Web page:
My Latest Literature Read

My Summary…………….

Sinners in the Hands of An Angry God

    ~ Jonathan Edwards: July 8, 1741

        Jonathan Edwards (1703 – 1758) was born in Northhampton, Massachusetts. Starting college at 13, he attended Yale for four years. After graduating, Edwards ministered at a Presbyterian church. Two years later, Edwards became a tutor but had to resign due to poor health. In 1726, he returned home and assisted his maternal grandfather until 1729. Filling his grandfather’s position as the congregation’s teacher, he started to repair doctrinal damages by teaching church membership was not based on “moral uprightness” but rather the personal conversion process and the testing of faith. During the Great Awakening, Jonathan Edwards preached many sermons; however, his most famous was entitled, Sinners in the Hands of An Angry God. 

    On July 8, 1741, Jonathan Edwards, teacher of the Northhampton, Massachusetts congregation, taught a sermon on the Scriptures Amos 9:2,3 and Deuteronomy 32:35. The first passage, Amos 9:2-3, states, Though they dig into hell, from there My hand shall take them; though they climb up to heaven, from there I will bring them down; And though they hide themselves on top of Carmel, from there I will search and take them; though they hide from My sight at the bottom of the sea, from there I will command the serpent, and it shall bite them;” The second, “Vengeance is Mine, and recompense; their foot shall slip in due time; for the day of their calamity is at hand, and the things to come hasten upon them.” Edwards begins his morning sermon with the focal point of these Scriptures, “their foot shall slip in due time”.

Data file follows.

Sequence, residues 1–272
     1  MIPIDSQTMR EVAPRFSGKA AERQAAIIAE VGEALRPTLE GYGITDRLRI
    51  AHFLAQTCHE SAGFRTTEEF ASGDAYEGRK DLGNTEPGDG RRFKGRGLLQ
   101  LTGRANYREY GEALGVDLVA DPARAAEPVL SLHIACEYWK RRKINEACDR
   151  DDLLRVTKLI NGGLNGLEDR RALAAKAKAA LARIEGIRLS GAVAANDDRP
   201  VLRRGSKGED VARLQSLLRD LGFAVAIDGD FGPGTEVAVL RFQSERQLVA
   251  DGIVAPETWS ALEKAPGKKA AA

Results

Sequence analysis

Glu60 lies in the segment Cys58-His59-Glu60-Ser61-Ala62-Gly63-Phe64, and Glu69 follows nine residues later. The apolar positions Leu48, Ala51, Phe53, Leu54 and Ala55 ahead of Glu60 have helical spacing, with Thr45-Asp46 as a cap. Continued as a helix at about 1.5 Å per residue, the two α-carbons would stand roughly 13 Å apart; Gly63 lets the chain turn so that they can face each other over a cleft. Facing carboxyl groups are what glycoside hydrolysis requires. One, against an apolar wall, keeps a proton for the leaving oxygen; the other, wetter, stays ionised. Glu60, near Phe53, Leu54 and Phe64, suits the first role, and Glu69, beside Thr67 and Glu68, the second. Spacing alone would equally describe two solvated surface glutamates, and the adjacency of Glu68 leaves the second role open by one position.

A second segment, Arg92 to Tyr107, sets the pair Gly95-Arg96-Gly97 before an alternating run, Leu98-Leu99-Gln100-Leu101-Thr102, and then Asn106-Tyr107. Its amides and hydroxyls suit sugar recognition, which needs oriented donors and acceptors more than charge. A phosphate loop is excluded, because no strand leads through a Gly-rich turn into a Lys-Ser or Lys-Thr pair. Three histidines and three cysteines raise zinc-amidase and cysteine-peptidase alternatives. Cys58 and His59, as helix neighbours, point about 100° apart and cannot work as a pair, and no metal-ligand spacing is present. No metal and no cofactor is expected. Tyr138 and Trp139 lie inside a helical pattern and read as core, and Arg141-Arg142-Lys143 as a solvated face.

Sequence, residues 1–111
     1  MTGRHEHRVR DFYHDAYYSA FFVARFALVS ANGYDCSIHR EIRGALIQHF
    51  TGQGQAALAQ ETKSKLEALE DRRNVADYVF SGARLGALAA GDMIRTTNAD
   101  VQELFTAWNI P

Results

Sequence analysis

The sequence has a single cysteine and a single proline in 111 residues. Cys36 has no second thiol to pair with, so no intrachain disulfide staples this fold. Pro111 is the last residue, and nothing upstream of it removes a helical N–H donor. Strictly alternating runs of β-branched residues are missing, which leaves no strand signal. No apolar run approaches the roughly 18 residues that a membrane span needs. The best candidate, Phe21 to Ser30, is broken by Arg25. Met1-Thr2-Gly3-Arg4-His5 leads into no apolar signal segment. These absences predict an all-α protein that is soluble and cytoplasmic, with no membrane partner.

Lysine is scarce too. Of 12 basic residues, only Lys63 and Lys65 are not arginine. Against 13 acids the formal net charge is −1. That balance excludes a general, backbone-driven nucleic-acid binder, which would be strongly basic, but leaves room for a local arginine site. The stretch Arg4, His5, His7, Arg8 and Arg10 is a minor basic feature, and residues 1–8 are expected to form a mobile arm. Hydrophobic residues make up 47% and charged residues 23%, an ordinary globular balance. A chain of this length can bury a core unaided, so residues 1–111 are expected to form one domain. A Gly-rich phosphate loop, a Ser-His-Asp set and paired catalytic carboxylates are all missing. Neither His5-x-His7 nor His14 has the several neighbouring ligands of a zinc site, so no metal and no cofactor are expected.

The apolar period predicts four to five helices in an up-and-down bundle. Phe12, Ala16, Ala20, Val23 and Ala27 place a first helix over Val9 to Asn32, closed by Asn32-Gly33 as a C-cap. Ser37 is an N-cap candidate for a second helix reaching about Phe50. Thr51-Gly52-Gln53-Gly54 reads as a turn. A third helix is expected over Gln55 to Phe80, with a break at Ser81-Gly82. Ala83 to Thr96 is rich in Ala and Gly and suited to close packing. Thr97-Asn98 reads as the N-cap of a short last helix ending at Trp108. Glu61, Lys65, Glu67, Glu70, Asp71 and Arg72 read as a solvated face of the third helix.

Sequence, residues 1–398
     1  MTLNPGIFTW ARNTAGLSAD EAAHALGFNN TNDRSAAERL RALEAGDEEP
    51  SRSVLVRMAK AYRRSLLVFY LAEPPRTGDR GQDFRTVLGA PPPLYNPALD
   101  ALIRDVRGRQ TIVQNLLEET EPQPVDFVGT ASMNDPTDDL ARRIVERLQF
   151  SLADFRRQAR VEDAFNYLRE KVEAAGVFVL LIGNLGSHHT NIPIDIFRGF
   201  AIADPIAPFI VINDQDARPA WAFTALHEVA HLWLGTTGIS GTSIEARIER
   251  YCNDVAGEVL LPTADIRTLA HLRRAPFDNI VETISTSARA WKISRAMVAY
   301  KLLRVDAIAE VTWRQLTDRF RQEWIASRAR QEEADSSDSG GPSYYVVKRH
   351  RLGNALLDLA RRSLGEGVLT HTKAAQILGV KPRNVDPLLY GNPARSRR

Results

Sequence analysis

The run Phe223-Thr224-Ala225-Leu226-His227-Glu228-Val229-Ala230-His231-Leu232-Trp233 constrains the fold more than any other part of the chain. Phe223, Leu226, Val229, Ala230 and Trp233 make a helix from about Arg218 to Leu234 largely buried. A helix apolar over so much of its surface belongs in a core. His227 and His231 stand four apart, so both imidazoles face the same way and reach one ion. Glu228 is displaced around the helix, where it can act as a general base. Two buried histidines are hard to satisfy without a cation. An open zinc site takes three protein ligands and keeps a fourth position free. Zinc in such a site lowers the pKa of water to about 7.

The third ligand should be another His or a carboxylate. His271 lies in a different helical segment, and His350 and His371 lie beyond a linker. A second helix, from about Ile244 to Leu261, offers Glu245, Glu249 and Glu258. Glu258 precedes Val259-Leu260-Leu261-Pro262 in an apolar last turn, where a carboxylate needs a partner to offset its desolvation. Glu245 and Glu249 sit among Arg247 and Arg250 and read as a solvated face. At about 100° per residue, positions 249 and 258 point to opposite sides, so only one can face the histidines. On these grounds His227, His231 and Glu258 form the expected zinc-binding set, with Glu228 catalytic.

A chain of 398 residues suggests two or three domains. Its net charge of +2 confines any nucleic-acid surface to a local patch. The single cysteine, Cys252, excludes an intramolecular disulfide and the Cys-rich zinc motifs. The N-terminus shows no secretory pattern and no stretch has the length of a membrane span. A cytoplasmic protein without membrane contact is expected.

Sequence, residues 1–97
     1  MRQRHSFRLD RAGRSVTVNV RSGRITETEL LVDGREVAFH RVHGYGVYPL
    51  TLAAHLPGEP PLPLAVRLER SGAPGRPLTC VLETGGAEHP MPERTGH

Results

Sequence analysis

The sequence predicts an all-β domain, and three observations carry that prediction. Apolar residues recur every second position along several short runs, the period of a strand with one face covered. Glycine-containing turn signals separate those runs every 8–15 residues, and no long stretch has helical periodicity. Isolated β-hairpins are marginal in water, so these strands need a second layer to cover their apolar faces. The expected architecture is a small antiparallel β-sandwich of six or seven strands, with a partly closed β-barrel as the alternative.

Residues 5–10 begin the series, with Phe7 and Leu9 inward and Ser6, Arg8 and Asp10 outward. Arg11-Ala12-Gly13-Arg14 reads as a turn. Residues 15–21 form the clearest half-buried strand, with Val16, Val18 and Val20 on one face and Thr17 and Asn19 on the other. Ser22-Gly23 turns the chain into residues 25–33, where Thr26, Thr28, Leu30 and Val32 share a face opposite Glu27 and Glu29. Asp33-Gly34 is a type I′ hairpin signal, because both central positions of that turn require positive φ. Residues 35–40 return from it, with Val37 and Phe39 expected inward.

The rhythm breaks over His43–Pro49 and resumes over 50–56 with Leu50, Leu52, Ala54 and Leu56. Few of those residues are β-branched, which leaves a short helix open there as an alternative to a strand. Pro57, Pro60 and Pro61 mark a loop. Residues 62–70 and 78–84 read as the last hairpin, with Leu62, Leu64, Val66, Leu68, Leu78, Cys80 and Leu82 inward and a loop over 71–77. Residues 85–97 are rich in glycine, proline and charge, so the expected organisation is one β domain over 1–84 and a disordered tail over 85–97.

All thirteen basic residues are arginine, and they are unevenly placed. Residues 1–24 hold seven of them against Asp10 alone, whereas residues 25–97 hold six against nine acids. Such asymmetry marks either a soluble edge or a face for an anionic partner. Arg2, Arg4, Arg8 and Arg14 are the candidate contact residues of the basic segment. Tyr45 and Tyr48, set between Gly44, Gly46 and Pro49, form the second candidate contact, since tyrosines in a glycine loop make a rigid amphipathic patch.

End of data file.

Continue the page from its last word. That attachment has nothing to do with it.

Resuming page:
{ their foot shall slip in due time }

    After explaining the historical context, Edwards starts with the three Implications he notices in this phrase. First, he recognizes that it indicates the subject has been always exposed to destruction and states his basis: their foot slides. [Psalm 73:18, “Surely You set them in slippery places; You cast them down to destruction.” ] Along with this he includes they are subject to sudden destruction since those who slip do so in a moment [ Psalm 73:19, “Oh, how they are brought to desolation, as in a moment! They are utterly consumed with terrors.”]  The second implication he observes is the subject of the passage is liable to fall of themselves as no one needs the help of another to slip but rather only their own body weight. The third is they fall at the appointed time, in due time. In other words, at the appointed, or due, time God removes His providentially sovereign and merciful hand and lets them fall from their own weight on that slippery slope. From this Edwards goes on to include his observations of the text.